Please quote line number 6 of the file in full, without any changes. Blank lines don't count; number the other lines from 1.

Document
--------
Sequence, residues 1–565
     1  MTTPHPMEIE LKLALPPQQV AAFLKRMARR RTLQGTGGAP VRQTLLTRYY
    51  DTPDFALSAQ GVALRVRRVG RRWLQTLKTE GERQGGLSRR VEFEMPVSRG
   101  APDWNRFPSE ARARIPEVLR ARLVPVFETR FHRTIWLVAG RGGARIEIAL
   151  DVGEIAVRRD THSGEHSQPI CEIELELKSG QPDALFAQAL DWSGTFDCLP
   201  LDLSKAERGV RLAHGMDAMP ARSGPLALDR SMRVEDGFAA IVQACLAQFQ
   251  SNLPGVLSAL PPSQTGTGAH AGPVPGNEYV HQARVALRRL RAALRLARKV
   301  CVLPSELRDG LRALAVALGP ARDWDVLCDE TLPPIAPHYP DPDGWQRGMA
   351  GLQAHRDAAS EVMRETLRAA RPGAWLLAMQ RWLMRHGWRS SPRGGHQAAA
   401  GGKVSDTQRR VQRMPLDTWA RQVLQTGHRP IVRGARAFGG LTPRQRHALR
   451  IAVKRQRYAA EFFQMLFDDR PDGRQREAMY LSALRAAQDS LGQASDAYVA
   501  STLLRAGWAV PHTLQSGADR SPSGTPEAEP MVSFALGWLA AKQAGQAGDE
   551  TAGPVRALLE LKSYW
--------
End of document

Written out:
   201  LDLSKAERGV RLAHGMDAMP ARSGPLALDR SMRVEDGFAA IVQACLAQFQ